Easy to sing, fun to hear. Truly a cup of cheer.

“The Chipmunk Song (Christmas Don’t Be Late)”

The Chipmunks add a little something to Christmas.

Alvin, Simon, and Theodore really came up with an original song with “The Chipmunk Song (Christmas Don’t Be Late).” It’s the only Christmas song where there’s an argument going on in the background, which makes it especially fun for kids. Who doesn’t want to hear Dave (writer and Chipmunks creator Ross Bagdasarian) fighting with sassy little Alvin? And kids also identify with “we can hardly stand the wait, please Christmas don’t be late.”

Another song from the mid-century, this one came out in 1959 and it’s message holds as true today as when it was first written. Hurry up Christmas, we want to see our presents.

“It’s The Most Wonderful Time Of The Year”

Andy Williams had a great one with his Christmas classic.

I suspect this song is popular with kids not just because it’s so catchy, but because it’s in several kids’ movies like Home Alone 2. Kids are featured “jingle belling” in the very first verse too, plus I think they get to be a part “everyone telling you be of good cheer” which is nice. Who doesn’t want to be of good cheer?

Andy Williams released this song in 1963, and since then it’s been played on repeat at all the “parties for hosting, marshmallows for toasting, and caroling out in the snow.” So I guess he knew what he was singing about.

“I Want A Hippopotamus For Christmas”

This song is hilarious.

Just in case you thought your kids were asking for too much for Christmas, please consider these words. “I want a hippopotamus for Christmas. Only a hippopotamus will do. I don’t want a doll, no dinky tinker toy. I want a hippopotamus to play with and enjoy.” Gayle Peevy set the barre high with “I Want A Hippopotamus For Christmas” in 1953 as a 10-year-old girl singing the hilariously catchy song. And the thing is; she got one. After her song was released, people donated money to the San Diego Zoo so that she could visit a hippo on Christmas Eve.

Maybe don’t tell your kids that part.

“Feliz Navidad”

“Feliz Navidad” is a fun song.

Here is my suggestion. Gather your kids to bake in the kitchen and play “Feliz Navidad” by Boney M. It might not be the original by José Feliciano from 1960, which is also loads of fun, but this one has a little extra something special. First of all, this song is bilingual and teaches kids how to say “Merry Christmas” in Spanish in a way that’s fun and accessible.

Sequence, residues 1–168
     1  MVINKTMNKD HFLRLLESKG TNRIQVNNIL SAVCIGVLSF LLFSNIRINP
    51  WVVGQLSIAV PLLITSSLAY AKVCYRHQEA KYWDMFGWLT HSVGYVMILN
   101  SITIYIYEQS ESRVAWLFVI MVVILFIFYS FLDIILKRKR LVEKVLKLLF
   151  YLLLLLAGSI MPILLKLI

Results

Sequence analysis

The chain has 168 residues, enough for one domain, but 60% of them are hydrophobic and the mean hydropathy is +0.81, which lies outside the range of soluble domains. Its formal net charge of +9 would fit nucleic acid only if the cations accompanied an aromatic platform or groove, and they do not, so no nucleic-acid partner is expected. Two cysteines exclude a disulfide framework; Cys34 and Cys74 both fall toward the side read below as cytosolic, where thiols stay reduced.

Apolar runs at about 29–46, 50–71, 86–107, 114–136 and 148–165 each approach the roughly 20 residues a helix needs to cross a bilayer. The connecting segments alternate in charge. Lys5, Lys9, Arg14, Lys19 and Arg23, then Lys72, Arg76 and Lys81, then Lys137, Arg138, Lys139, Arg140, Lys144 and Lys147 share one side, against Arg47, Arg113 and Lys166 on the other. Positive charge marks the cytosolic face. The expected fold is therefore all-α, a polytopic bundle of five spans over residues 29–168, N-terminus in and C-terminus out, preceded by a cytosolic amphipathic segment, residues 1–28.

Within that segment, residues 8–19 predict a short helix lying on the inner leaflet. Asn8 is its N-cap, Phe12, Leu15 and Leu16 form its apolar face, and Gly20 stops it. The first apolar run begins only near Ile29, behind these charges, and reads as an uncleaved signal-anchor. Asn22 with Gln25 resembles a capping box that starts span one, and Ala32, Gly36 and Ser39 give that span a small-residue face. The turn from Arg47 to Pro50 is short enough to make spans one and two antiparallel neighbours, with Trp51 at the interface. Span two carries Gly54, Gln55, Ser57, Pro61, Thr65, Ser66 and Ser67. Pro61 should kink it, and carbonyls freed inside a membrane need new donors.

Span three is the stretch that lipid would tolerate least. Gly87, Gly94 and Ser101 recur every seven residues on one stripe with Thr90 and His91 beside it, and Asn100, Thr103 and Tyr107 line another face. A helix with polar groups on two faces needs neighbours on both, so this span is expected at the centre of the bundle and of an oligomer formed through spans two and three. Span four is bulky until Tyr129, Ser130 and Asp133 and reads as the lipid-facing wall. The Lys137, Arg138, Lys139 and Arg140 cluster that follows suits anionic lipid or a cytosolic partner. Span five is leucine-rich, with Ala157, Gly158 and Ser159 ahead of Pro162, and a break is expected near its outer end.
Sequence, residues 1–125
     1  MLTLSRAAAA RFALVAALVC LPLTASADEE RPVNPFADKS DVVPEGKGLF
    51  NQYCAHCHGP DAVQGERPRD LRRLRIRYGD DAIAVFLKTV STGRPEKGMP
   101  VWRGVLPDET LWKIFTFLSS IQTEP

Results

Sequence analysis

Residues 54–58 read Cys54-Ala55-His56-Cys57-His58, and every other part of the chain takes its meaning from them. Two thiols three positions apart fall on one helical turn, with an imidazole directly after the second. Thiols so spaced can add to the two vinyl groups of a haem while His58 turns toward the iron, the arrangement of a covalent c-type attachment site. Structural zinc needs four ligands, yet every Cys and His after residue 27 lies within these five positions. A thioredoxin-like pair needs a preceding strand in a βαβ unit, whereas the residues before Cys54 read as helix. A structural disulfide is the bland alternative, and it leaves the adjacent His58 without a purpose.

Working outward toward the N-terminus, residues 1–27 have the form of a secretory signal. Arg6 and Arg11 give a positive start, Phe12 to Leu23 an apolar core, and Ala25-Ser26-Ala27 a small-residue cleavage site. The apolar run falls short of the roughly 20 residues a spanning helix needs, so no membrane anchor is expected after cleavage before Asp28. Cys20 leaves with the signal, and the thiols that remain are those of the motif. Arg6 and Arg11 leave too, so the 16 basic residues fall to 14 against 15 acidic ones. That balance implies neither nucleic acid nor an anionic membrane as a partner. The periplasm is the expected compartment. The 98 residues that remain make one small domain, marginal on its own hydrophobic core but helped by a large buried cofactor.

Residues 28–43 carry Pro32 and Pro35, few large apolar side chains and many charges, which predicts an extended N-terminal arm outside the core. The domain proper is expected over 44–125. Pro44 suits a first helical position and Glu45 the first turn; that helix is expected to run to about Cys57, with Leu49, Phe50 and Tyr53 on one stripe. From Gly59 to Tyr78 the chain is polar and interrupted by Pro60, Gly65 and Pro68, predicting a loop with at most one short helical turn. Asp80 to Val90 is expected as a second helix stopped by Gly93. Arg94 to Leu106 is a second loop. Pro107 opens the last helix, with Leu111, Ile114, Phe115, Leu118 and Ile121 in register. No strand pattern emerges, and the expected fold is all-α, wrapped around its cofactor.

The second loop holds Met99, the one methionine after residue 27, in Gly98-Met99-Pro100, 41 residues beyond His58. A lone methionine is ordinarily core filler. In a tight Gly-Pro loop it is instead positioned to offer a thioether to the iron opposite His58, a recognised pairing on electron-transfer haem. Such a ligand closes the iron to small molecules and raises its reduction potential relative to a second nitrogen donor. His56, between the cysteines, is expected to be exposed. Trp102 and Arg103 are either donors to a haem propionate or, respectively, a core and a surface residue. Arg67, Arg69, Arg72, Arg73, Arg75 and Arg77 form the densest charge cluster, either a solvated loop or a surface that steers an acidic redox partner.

Second, it’s just a really great song. More than 50 years after it was released, it will definitely gets kids dancing. Or baking cookies with you. Or both.

“Sleigh Ride”

A Christmas classic with a touch of Disney.

If you really want your kids to love a song, just add some Disney characters. Especially Goofy. The gang took on the classic “Sleigh Ride,” originally recorded by the Leroy Anderson in 1948, and added their own twist to it. Already a boppy sort of song, Mickey, Donald, Goofy, and the rest of the Disney crew make it funny. Which isn’t terribly hard to do with lyrics like, “Just hear those sleigh bells jingling, ring tingle tingling too (ring-a-ling-a ding-dong-ding!) Come on, it's lovely weather for a sleigh ride together with you.”

Definitely not the only fun version, of course. But for kids, Disney usually wins.

“Mele Kalikimaka”

Bing Crosby and the Andrews sisters loved Christmas songs.

Bing Crosby, another Christmas giant, and the Andrews sisters sang “Mele Kalikimaka” in 1949. It’s important to note the obvious white-washing of this song, sung as it was by a white man not from Hawaii about Christmas in Hawaii. That being said, it’s a good song that teaches kids how to say “Merry Christmas” in Hawaiian, literally “Mele Kalikimaka.” And it’s a fun, sort of innocent song that feels a bit different with the tropical sounds in the background giving off an island vibe.